Electronics World articles Popular Electronics articles QST articles Radio & TV News articles Radio-Craft articles Radio-Electronics articles Short Wave Craft articles Wireless World articles Google Search of RF Cafe website Sitemap Electronics Equations Mathematics Equations Equations physics Manufacturers & distributors LinkedIn Crosswords Engineering Humor Kirt's Cogitations RF Engineering Quizzes Notable Quotes Calculators Education Engineering Magazine Articles Engineering software RF Cafe Archives Magazine Sponsor RF Cafe Sponsor Links Saturday Evening Post NEETS EW Radar Handbook Microwave Museum About RF Cafe Aegis Power Systems Alliance Test Equipment Centric RF Empower RF ISOTEC Reactel RF Connector Technology San Francisco Circuits Anritsu Amplifier Solutions Anatech Electronics Axiom Test Equipment Conduct RF Copper Mountain Technologies Exodus Advanced Communications Innovative Power Products KR Filters LadyBug Technologies Rigol TotalTemp Technologies Werbel Microwave Windfreak Technologies Wireless Telecom Group Withwave RF Cafe Software Resources Vintage Magazines RF Cafe Software WhoIs entry for RF Cafe.com Thank you for visiting RF Cafe!
KR Electronics (RF Filters) - RF Cafe

Noisecom

Rigol DHO1000 Oscilloscope - RF Cafe

Please Support RF Cafe by purchasing my  ridiculously low−priced products, all of which I created.

RF Cascade Workbook for Excel

RF & Electronics Symbols for Visio

RF & Electronics Symbols for Office

RF & Electronics Stencils for Visio

RF Workbench

T-Shirts, Mugs, Cups, Ball Caps, Mouse Pads

These Are Available for Free

Espresso Engineering Workbook™

Smith Chart™ for Excel

Werbel Microwave (power dividers, couplers)

The Shive Wave Machine - Bell Telephone Labs
Kirt's Cogitations™ #269

RF Cafe University"Factoids," "Kirt's Cogitations," and "Tech Topics Smorgasbord" are all manifestations of my ranting on various subjects relevant (usually) to the overall RF Cafe theme. All may be accessed on these pages:

 1 | 2 | 3 | 4 | 5 | 6 | 7 | 8 | 9 | 10 | 11 | 12 | 13 | 14 | 15 | 16 | 17 | 18 | 19 | 20 | 21 | 22 | 23 | 24 | 25 | 26 | 27 | 28 | 29 | 30 | 31 | 32 | 33 | 34 | 35 | 36 | 37

<Previous                     Next>

 

Shive Wave Machine with tapered section transitioning between large and small sections - RF Cafe

Shive Wave Machine with tapered section transitioning between large and small sections.

Sometime around 1985, I was enrolled in a second-semester physics class (AACC) while working on earning my BSEE. Along with covering topics like electricity, magnetism, heat conduction, optics, etc., my professor, a moonlighting oceanography instructor from the nearby U.S. Naval Academy, conducted a laboratory exercise wherein he wanted to demonstrate the action of sea waves breaking against the shore and underwater shelf discontinuities. He used an impressive contraption that was comprised of coplanar parallel metal rods that were attached in their centers to a spring steel bar for torsional continuity. The tips of the rods were painted white so that when the end bar was perturbed with a vertical impulse, a sinewave shape could be seen propagating along the length of the device - both an incident and, eventually, a reflected wave.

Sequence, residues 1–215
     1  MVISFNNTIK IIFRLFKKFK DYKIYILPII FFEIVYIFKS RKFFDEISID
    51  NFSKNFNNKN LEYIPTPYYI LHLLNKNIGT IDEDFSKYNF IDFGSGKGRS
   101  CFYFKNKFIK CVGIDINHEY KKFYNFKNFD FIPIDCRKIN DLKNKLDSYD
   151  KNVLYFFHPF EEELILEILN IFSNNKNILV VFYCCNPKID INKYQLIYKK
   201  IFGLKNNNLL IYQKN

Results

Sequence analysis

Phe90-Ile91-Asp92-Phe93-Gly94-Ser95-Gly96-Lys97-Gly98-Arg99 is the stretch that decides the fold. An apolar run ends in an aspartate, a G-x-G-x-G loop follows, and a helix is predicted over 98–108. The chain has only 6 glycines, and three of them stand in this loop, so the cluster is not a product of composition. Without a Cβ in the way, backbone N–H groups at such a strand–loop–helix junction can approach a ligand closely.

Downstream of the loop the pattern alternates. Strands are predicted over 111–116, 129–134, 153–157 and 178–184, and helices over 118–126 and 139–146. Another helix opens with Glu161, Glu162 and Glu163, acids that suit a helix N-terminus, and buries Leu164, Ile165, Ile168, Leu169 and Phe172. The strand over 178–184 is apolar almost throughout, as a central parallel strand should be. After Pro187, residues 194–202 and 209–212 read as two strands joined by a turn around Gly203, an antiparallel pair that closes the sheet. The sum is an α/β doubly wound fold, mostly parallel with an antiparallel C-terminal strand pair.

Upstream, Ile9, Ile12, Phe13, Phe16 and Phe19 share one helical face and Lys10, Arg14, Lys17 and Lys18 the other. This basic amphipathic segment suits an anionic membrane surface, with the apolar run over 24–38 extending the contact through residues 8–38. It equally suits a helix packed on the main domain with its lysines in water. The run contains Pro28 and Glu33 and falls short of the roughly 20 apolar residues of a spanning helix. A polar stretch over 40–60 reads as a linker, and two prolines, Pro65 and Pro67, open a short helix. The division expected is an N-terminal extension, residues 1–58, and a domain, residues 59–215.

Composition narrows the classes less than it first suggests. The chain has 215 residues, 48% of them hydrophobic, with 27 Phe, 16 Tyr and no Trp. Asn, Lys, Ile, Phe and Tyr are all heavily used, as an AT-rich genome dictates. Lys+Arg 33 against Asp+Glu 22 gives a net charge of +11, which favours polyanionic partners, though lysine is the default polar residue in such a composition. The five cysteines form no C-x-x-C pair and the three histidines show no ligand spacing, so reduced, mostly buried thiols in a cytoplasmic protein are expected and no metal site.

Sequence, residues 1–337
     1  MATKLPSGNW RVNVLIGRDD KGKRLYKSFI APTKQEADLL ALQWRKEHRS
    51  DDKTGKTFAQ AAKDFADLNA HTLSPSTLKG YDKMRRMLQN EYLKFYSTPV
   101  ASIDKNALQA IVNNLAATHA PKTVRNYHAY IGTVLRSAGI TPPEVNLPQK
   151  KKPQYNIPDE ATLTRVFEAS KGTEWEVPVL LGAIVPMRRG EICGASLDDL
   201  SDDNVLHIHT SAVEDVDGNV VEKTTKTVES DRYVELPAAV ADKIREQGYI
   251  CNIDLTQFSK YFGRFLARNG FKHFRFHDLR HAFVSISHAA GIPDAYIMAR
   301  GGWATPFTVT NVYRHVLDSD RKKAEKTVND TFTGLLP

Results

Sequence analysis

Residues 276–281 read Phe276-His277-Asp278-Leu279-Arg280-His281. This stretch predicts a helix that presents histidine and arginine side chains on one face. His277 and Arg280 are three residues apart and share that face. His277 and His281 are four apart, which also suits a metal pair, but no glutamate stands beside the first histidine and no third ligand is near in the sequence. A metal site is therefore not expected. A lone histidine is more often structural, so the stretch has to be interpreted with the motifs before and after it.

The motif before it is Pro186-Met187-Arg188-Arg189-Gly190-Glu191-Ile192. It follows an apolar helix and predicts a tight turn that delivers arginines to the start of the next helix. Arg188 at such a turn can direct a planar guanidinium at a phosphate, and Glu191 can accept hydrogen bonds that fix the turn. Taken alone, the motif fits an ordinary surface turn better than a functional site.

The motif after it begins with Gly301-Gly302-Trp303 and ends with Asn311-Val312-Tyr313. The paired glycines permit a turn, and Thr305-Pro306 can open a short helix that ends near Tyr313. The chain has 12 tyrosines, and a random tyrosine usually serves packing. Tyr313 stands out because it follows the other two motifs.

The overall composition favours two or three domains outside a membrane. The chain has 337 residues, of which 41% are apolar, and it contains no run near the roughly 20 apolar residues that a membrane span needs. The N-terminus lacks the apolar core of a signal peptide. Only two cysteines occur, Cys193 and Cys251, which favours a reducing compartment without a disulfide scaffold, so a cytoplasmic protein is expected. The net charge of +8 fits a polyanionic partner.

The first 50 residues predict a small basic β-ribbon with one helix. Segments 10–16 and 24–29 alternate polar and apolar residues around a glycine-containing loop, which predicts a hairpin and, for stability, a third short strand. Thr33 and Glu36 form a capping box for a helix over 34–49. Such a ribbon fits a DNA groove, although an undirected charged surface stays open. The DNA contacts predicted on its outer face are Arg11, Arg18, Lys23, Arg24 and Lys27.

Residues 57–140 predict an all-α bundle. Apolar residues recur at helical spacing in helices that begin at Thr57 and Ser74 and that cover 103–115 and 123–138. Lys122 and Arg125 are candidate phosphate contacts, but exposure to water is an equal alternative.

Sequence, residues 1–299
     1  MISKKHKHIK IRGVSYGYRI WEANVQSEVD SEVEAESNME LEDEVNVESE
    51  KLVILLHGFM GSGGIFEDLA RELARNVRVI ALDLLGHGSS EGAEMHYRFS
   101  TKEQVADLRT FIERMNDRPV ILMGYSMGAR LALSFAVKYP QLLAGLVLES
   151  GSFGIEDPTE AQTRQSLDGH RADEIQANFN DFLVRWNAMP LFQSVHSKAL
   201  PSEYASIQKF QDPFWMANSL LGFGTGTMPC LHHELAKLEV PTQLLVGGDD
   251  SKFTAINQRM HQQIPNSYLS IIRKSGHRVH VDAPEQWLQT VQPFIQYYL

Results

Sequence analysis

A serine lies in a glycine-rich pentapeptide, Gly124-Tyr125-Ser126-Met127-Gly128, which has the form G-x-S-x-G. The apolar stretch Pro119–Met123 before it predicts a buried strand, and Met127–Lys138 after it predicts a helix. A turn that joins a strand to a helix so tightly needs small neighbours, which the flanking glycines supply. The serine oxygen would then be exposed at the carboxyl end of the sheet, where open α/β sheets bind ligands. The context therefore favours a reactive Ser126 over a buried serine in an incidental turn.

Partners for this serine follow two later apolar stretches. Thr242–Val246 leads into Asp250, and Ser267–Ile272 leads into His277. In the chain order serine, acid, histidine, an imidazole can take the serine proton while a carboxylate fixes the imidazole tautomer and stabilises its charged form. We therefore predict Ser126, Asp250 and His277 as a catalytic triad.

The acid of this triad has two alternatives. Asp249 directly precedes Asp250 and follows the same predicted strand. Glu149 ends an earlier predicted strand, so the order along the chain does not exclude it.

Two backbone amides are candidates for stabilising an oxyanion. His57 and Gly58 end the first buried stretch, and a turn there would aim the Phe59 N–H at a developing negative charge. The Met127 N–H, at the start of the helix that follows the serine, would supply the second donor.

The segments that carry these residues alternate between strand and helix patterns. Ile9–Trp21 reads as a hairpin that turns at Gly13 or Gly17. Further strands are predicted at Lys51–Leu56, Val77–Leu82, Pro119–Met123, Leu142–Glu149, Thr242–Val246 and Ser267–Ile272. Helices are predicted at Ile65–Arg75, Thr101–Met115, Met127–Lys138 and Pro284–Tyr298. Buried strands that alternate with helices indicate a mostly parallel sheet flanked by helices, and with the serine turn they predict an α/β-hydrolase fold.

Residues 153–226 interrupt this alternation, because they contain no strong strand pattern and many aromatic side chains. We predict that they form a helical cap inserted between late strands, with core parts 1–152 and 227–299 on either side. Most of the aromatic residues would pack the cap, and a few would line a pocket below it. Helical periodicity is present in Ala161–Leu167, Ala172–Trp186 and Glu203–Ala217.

Depending on whether the last bar at the far end of the device, which I now know is called a Shive Wave Machine, is free to move or held rigidly, the reflected wave would be either in phase or out of phase with the incident wave. He then attached to the far end a smaller Shive Wave Machine to demonstrate what happens when something between an open and shorted connection terminates the larger machine. Finally, he inserted a Shive Wave Machine section between the large and small machines that had rods that tapered linearly from the large to the small size. That addition caused the reflections in the initial section to nearly (but not totally) disappear.

Upon watching the action of the Shive Wave Machine, I immediately recognized the parallel between its mechanical motions and those of electromagnetic signals on a transmission line (and in free space for that matter). The professor confirmed my assertion and noted that with his dedication to the mechanical aspects, he had not thought to relate it to electrical waves during a demonstration, although he certainly was aware it. I have written about this guy in the past, regarding him as being one of the more inspirational instructors I have had in all my engineering classes. He could work out any problem in my physics book (Halliday & Resnick), whether it be on gravitational forces, electric fields, black body radiation, or relativity.

I have thought about the Shive Wave Machine often over the years, but never knew its name until I ran across a video of it on YouTube. I honestly cannot recall the website where I saw it posted or I would give credit to the author of the article for reminding me of it. The video is embedded below. Dr. John N. Shive, of Bell Telephone Laboratories, was the inventor. He also invented the phototransistor.

Video of the Shive Wave Machine being demonstrated by its inventor, Dr. John N. Shive, of Bell Telephone Laboratories.

 

 

Posted January 11, 2016

Werbel Microwave (power dividers, couplers)
LadyBug RF Power Sensors

Anatech Electronics RF Microwave Filters - RF Cafe

Anritsu Test Equipment - RF Cafe